Life Cycle of a Junkyard 1991 Honda Civic Si

You’ve read the auction-to-crusher story of the ’94 Camry and the ’91 Civic and you want to see more of the gory details of how the Civic got picked clean by junkyard shoppers? You’ve come to the right place! The complete set of photos of this car’s 11 weeks at U-Pull-&-Pay Denver is available at the bottom of this post, with the images labeled and in chronological order. We’ll hit the high points now, but you’ll need to check out the gallery to get the complete story. To view the Junkyard Life Cycle of its companion, the 1994 Toyota Camry XLE, go here.
This car was a bit battered but reasonably complete when it got lifted up onto the rack for fluid removal. Most likely, it still ran… but now we’ll never know.
The last owner of this car left behind his or her bootlegged copy of The Donnas’ Bitchin’.
Here’s the last we’ll see of the complete engine compartment. The scavengers hit this car early and often.
The first thing to go was the instrument cluster, along with the door panels.
One of the taillight lenses and all the exterior trim got yanked in the second week.
The right front fender, bumper cover, and some other snout-region body bits went away as well.
Under the hood, the throttle body, parts of the distributor, the air cleaner, and assorted odds and ends were gone by Week 3.
The other taillight and the remaining emblems were someone’s score around the same time.
By the fourth week, the interior was getting quite bare, though random bits from other cars were being tossed into the car.Amazingly, the unbroken right headlight was still on the car.
The hood (which was somewhat thrashed) knocked around the vicinity, eventually disappearing.
Not much had changed between the fifth and sixth weeks, suggesting that Denver-area fourth-gen Civic owners were taking a break to digest the parts they’d already yanked.
Some parts, such as the master cylinder, were removed and then abandoned.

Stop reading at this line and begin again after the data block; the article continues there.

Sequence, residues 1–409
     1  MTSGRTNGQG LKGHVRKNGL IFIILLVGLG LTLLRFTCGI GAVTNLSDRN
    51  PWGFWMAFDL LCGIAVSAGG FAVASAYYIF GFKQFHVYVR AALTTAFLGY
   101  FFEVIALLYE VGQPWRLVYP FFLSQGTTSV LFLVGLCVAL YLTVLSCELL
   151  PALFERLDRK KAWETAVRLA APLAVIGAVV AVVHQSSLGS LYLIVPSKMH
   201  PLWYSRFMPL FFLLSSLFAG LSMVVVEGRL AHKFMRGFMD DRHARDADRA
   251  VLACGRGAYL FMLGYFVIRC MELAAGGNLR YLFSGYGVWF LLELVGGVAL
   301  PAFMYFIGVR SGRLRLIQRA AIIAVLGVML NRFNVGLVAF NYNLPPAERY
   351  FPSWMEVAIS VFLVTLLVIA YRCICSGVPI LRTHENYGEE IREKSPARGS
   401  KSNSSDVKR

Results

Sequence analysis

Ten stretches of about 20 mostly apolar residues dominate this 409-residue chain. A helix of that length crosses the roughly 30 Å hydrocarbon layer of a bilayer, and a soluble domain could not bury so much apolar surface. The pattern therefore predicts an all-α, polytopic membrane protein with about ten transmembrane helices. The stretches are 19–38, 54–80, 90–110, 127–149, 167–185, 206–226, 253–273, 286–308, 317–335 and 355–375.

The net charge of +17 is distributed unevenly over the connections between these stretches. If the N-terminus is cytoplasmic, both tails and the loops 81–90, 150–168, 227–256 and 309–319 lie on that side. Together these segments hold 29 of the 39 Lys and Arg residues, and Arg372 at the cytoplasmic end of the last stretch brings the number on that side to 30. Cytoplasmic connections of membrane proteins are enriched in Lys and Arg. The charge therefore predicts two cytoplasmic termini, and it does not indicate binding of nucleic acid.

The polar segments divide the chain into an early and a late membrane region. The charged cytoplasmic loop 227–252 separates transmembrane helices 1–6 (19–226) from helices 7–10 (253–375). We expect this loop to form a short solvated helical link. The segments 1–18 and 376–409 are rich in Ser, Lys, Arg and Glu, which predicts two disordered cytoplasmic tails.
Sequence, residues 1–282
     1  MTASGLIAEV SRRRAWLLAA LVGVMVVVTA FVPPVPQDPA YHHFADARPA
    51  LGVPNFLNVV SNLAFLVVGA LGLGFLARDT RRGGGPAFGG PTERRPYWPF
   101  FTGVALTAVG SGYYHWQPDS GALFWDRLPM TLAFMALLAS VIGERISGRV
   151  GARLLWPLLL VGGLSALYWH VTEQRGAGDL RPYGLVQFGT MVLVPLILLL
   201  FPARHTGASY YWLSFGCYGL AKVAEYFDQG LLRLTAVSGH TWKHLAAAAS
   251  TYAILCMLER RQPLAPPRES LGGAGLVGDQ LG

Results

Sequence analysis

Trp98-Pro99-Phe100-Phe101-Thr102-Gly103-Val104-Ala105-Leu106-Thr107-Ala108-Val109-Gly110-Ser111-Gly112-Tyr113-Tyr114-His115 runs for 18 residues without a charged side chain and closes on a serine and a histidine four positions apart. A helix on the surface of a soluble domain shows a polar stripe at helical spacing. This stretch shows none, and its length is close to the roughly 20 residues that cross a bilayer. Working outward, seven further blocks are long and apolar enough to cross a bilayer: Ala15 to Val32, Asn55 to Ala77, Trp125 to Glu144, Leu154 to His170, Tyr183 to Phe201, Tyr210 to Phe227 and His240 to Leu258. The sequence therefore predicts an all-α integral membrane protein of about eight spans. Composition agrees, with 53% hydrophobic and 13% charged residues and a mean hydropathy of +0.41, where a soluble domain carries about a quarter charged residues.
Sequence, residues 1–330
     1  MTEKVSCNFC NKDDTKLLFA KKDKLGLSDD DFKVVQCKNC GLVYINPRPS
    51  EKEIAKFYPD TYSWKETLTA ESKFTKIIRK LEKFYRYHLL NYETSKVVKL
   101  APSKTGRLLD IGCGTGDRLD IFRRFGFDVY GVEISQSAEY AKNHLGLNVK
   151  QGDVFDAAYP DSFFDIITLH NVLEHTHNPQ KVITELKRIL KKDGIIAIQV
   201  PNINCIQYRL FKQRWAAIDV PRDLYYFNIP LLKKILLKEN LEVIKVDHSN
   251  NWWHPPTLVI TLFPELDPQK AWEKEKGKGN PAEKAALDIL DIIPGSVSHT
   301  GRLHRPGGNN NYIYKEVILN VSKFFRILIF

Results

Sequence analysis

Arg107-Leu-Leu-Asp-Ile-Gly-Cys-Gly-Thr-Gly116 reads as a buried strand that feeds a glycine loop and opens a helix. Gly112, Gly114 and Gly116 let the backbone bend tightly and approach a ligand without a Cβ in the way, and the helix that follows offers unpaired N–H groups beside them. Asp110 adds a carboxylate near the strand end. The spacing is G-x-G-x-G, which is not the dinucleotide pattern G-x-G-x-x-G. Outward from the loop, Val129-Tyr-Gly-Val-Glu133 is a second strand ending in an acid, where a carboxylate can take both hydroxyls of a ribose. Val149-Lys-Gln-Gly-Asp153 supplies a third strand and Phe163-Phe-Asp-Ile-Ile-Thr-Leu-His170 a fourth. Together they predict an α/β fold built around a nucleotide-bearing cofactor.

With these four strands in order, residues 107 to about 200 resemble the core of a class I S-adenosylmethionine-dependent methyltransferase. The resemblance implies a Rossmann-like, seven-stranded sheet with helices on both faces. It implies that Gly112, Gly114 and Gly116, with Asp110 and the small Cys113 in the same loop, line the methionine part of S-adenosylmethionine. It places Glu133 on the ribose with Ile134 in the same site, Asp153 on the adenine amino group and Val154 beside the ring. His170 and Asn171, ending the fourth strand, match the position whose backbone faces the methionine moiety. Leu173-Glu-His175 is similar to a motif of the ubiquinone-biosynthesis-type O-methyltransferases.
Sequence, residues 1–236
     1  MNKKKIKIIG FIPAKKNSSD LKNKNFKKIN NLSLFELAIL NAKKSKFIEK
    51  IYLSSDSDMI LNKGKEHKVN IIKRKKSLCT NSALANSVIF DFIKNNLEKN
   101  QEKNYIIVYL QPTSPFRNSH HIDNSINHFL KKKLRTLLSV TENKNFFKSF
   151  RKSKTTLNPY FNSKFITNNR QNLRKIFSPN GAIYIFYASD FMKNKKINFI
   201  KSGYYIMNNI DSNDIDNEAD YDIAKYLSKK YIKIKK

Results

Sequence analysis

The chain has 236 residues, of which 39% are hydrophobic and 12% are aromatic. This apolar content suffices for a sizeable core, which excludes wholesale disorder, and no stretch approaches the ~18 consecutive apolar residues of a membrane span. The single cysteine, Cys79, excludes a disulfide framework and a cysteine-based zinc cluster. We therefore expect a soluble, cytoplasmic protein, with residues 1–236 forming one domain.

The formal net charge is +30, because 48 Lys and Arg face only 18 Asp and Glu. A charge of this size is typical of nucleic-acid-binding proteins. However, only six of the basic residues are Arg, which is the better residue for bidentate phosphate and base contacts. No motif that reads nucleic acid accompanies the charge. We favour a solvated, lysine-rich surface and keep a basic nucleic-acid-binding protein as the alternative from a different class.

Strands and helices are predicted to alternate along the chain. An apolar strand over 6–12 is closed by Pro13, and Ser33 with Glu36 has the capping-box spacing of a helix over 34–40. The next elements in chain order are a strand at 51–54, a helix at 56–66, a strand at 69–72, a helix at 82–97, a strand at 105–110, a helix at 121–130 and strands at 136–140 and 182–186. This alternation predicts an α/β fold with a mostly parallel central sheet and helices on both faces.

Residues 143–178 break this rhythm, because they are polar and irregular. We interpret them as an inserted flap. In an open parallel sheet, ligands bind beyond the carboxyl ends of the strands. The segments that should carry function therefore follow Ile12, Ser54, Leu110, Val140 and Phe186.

During the seventh week, the D16A6 engine finally proved irresistible to somebody. Though U-Pull-&-Pay doesn’t charge less for a long block than for a complete engine, the buyer of this engine left the oil pan, accessories, timing cover, etc. behind.
By the eighth week, an erosive force of junkyard crawlers had stripped and jumbled the remains of the car’s interior almost beyond recognition.
The oil pan and other random bits had washed up inside by the following week.
A fifth- or sixth-gen Civic would have been stripped even more quickly, because more of those cars are still in use as daily drivers, but the rate of parts depletion on this 21-year-old car was respectable.
Still, there’s always something left on a high-demand car, even after ten weeks on the yard. The windshield-washer reservoir, for example.
With just a few days to go before this Honda’s date with the cold steel jaws of The Crusher, even the climate-control knobs and ashtray have been extracted.
At this point, what’s on the car is more or less what’s going to the scrapper.
After its 11 weeks on the yard, the Civic takes a forklift ride to Crusher Land. Many of its parts will live on in other fourth-gen Civics.
Since the engine had already been removed, only the copper wiring harnesses were removed here.
It will go to the scrapper merged with the Camry.
End of the line.

Here’s the video of this car’s final few minutes of life, in case you didn’t watch it in the original post.

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